delivered the opinion of the court:
This case involves judicial review by the circuit court of Du Page County of a final decision of the Board of Review of the Illinois Department of Labor concerning plaintiff’s claim for unemployment insurance benefits. The Board of Review had determined that the agency was without jurisdiction to hear plaintiff’s appeal from a claims adjudicator’s determination that she was ineligible for benefits. The circuit court reversed the final decision of the Board of Review and ordered that plaintiff be awarded benefits. The Department has taken this appeal from the final judgment Of the circuit court.
Plaintiff is licensed as a beautician. On September 7, 1980, she filed a claim for unemployment insurance benefits after leaving her job as a manager and teaching supervisor at Tricosis School of Cosmetology. A claims adjudicator determined, on September 26, 1980, that *744plaintiff had left her job because she was reduced from full to part-time work in that “[sjince the claimant could have sought full time work during her off hours, the claimant left work voluntarily without good cause.” On the basis of this finding, the adjudicator ruled her ineligible for benefits. By letter postmarked October 16, 1980, plaintiff filed an appeal from that determination.
Plaintiff appeared before a hearing referee on October 31, 1980, where the circumstances of her termination were extensively reviewed. The hearing referee also questioned plaintiff about the timeliness of her appeal. Her testimony revealed that the claims adjudicator made his decision on September 26, 1980, but plaintiff’s appeal was not postmarked until October 16, 1980. On this basis, the hearing referee concluded that he was without jurisdiction to hear the appeal because it had not been filed within 14 days, the requisite time period pursuant to section 800 of the Unemployment Insurance Act (Ill. Rev. Stat. 1979, ch. 48, par. 470). On February 3, 1981, the Board of Review affirmed the referee’s conclusion that he lacked jurisdiction to hear the appeal.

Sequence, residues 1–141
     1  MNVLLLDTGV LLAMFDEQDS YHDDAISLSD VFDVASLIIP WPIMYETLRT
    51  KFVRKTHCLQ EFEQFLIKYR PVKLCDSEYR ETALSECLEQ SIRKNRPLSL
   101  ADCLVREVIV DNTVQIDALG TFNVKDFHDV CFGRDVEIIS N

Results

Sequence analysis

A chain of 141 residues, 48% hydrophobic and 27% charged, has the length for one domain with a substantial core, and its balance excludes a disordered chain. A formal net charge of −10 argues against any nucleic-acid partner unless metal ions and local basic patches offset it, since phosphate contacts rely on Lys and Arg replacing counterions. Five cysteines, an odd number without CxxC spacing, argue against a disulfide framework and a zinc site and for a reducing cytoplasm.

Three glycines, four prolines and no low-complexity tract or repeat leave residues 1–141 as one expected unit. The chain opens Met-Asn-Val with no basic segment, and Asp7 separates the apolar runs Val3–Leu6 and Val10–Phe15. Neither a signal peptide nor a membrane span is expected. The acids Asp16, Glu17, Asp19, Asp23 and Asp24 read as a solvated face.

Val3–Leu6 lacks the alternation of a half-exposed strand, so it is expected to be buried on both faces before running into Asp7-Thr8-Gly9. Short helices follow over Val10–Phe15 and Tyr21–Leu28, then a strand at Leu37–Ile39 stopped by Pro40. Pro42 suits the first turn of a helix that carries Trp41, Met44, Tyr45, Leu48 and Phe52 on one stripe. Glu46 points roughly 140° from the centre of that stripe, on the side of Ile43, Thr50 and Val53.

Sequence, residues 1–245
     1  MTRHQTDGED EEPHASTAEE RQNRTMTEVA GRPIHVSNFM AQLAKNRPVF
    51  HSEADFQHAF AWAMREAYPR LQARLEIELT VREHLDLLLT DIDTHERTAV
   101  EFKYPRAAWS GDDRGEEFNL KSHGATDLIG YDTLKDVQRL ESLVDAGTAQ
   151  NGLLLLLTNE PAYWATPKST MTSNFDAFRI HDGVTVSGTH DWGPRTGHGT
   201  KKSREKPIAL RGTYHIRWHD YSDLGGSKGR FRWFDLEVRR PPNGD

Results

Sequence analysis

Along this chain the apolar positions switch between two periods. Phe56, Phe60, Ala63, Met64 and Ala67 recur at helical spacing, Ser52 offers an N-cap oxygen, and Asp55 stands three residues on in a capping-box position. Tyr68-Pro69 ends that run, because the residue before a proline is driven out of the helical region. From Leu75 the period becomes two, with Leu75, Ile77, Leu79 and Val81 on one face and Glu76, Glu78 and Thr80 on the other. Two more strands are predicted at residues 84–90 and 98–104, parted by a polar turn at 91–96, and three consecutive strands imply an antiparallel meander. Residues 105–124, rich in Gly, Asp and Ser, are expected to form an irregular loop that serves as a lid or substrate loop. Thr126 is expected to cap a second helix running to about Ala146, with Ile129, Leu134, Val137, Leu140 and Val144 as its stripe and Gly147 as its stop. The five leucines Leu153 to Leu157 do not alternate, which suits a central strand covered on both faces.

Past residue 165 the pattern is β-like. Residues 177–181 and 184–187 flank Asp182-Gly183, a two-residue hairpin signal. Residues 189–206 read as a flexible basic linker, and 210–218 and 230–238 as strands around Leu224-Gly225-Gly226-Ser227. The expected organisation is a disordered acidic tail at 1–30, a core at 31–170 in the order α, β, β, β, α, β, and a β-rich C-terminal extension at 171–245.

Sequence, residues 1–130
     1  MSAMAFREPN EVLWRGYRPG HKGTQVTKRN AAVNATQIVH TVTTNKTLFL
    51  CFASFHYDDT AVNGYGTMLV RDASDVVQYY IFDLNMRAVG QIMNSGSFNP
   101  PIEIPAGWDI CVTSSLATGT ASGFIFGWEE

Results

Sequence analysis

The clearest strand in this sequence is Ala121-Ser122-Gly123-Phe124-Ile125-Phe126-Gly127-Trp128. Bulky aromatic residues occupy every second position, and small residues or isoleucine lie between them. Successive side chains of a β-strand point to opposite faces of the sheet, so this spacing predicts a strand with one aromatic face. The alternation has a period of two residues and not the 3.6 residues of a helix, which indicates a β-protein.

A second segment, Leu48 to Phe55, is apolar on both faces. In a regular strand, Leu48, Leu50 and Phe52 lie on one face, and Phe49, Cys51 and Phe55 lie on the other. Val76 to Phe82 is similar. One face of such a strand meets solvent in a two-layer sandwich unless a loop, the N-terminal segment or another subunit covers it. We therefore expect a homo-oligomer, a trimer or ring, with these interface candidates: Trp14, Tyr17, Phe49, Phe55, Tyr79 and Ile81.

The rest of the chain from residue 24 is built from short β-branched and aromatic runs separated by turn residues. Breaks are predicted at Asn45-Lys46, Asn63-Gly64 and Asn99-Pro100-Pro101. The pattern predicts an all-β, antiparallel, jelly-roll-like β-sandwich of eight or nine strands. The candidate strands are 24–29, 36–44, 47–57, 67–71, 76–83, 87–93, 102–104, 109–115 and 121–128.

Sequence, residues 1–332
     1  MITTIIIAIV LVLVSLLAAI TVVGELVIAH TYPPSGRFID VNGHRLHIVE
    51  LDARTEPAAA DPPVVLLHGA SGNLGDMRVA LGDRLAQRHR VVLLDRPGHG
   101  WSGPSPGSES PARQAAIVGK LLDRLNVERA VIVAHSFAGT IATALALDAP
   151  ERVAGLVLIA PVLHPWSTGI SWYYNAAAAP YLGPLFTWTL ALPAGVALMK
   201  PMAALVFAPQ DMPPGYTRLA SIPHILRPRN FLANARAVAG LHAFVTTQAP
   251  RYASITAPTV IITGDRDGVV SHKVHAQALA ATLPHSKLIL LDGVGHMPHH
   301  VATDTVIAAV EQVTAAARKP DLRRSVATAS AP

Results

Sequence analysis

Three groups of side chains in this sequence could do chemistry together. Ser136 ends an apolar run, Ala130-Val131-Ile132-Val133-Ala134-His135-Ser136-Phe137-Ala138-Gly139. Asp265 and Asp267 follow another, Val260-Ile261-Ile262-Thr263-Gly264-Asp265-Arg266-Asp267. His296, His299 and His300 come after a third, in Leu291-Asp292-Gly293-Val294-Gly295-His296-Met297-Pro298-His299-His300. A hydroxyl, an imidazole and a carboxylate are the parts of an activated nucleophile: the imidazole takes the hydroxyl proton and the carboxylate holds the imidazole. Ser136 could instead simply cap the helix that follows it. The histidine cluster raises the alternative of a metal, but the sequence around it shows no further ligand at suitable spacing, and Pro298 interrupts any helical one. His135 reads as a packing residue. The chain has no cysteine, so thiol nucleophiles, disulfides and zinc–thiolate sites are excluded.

Plaintiff filed her complaint for administrative review on March 10, 1981. Return receipts attached to the complaint indicate that on October 19, 1981, registered mail was received by the Board of Review, the Illinois Department of Labor and William M. Bowling, Director of the Illinois Department of Labor. In her appellate court brief, plaintiff states that the registered mail receipts were for summonses sent pursuant to section 3 — 103 of the Code of Civil Procedure. (Ill. Rev. Stat. 1981, ch. 110, par. 3 — 103.) The Department filed a motion to dismiss for lack of subject matter jurisdiction on November 30, 1981, arguing plaintiff’s failure to procure issuance of the summonses within the 35-day time period prescribed in section 3 — 103 required dismissal of the action. In her response to the motion to dismiss, plaintiff admitted that the summonses were issued later than 35 days after the decision of the Board of Review. By order dated January 6, 1982, the court denied defendant’s motion to dismiss on the basis that the statute required only that the complaint be filed within 35 days.
In an additional order dated May 21, 1982, and entered of record on June 4, 1982, the trial court reversed the Board of Review’s finding that plaintiff had failed to file a timely appeal from the claims adjudicator’s decision. The trial court based its decision on the fact that section 800 of the Unemployment Insurance Act had been amended-, effective October 5, 1980, to extend the time for filing such an appeal to 30 days. (Ill. Rev. Stat. 1981, ch. 48, par. 470.) Since plaintiff’s ap*745peal was filed within the amended time period (30 days), the trial court ruled the appeal was timely. In its brief filed "with this court, the Department concedes that plaintiff’s appeal from the claims adjudicator’s decision was timely. Therefore, that issue is not before this court. In addition to reversing the Board of Review’s decision regarding jurisdiction, the trial court ruled in its June 4, 1982, order that plaintiff was entitled to unemployment benefits. The court specifically declined to remand the case to the Department of Labor for an eligibility ruling because it concluded, based upon the record, that no decision other than to award benefits to plaintiff was possible. On July 2, 1982, the Department filed a petition for reconsideration of the May 21, 1982, order. The trial court denied the petition on October 6, 1982, and the Department filed a timely notice of appeal.